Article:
3. Sufficient water intake:

This is a key issue. Most people (irrespective of were they live) will utilise around 3 litres of water per day and many medical texts say so. Our body simply needs water to function. If you do not drink at least this amount, your body will either not function well (on some level) or your body will take it from wherever it can. This is called dehydration. Dry lips, dry flaky skin, parched mouth, cracks on you tongue, premature wrinkles are all examples of dehydration. Please don't go the other way. though. Water is essential, too much water just means a lot of visits to the toilet.

4. Fresh air and sunshine:

Take a deep breath of air. Good, fresh air is the stuff of life. Fill your lungs with it. Many people do not know how to breathe properly. A visit to the seaside or the country may not sound that sexy and exciting as part of a skincare programme but it is nonetheless part of the "holistic" care needed for overall good health. By sunshine, by the way, I mean sensible sunshine.

The cells that make up your skin need the right nutrients for proper development and growth. You can help your skin by using good quality skin care products, but you have to support this from the inside as well. Only in that way can you expect to get good results from proper skin care. Recognize that what happens on the inside, on both a physical and emotional front, truly does show up on the outside. That's because the ageing you see in your skin is biological, not chronological, and can be delayed or possibly even reversed with a holistic, natural approach that includes optimal diet, lifestyle and product choices. The old maxim holds good, even with skin care - garbage in, garbage out!

There are, as well, 3 basic elements in external skin care:

        1. Cleanse and Condition

        2. Hydrate and Tone

        3. Moisturise and Revive.

Cleansing the skin seems obvious and I know, you do know how to use soap - wrong (probably)! This is one certain way to make your skin dry-out quicker. Most soaps remove the natural oils of the skin, change the natural pH levels and do nothing to remove the dead layers of skin, which can block your pores and lead to blackheads. The skin produces oils and acids to help it function, to protect it from loss of excessive moisture and to form a barrier. So please do not use soap or detergents unless it is necessary.

Using a loofah or a gentle exfoliator will remove the dead skin cells and this in turn will promote better blood circulation and help your skin to breath. But beware of the word "scrub".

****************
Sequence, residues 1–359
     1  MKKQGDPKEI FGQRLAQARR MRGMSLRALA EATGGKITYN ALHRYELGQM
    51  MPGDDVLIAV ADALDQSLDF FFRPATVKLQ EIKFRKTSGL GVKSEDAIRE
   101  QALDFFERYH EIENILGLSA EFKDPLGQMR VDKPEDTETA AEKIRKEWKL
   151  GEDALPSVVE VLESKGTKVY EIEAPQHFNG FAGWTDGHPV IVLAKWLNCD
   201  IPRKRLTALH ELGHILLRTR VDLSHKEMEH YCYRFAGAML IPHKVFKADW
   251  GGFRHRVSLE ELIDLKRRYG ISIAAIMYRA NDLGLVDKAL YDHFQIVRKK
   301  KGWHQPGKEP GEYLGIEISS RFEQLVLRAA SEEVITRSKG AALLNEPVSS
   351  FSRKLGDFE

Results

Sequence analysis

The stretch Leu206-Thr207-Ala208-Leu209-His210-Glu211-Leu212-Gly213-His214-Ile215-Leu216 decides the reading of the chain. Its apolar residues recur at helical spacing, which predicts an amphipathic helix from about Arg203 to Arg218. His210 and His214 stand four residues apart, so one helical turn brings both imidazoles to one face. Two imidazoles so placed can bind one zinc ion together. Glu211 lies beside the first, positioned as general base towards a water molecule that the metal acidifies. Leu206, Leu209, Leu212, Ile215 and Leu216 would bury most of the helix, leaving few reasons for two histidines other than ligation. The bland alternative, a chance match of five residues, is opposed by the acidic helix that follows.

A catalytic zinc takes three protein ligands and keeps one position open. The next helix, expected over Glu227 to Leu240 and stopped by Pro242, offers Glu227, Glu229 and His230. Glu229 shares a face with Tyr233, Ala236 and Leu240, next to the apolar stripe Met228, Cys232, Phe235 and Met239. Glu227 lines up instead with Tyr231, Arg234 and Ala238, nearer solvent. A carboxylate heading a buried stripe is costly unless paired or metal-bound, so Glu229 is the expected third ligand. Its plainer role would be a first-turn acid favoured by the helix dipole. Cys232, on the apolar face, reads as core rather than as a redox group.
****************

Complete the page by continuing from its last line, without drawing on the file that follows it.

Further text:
The next step is to hydrate and tone the skin. When you have removed the dead skin layers by rubbing the skin with a loofah and or a specially formulated cleanser, now it's time to remove the residue, sooth the skin and prepare the skin for getting a good feed of nutrients from the moisturiser.

Preparation of the skin prior to putting on the moisturiser is not dissimilar to preparing a surface about to receive a new coat of paint. You wouldn't just paint over a wall that hasn't been cleaned and prepared for the new paint and good skin care is the same. You first get rid of the old layer of paint, than you give it a primer and finally the top-coat. If you already use a moisturiser, that's a step in the right direction. But, have you looked at the ingredients? Are they natural, or are there numbers and words you don't recognise on the label? If so, then consider that your body absorbs these substances and if they are not useful, (preferably of a natural kind) then the body has to eliminate them. In some cases, the body actually can't eliminate these substances and has to store them. This is a potential problem and could cause health issues down the line. Pure essential oils, or herbal extracts are usually good ingredients to have in your skin care products.

Cosmeceuticals are skin care products designed to go beyond strictly colouring and adorning the skin. These products may improve the functioning of the skin and be helpful in preventing premature aging. Examples are alpha hydroxy acids such as glycolic acid, and beta hydroxy acid such as salicylic acid. These hydroxy acids increase skin exfoliation (the removal of dead skin cells) making ageing skin appear smoother and feel softer.

Some vitamins, such as Vitamin A (Retinol), may improve the appearance of aging skin by making the skin function better, but they may be drying or irritating and must be used appropriately. Sunblocks prevent photo-aging and photo-carcinogenesis (cancer from the sun) and should be the cornerstone of any skin care regime. Conventional wisdom tells women to brace themselves as they age: get ready for your looks to go downhill and your skin to head south.

What is "skin" ?

"The skin is the largest organ in the body, comprising about 15% of the body weight. The total skin surface of an adult ranges from 12 to 20 square feet. In terms of chemical composition, the skin is about 70% water, 25% protein and 2% lipids. The remainder includes trace minerals, nucleic acids, glycosoaminoglycans, proteoglycans and numerous other chemicals."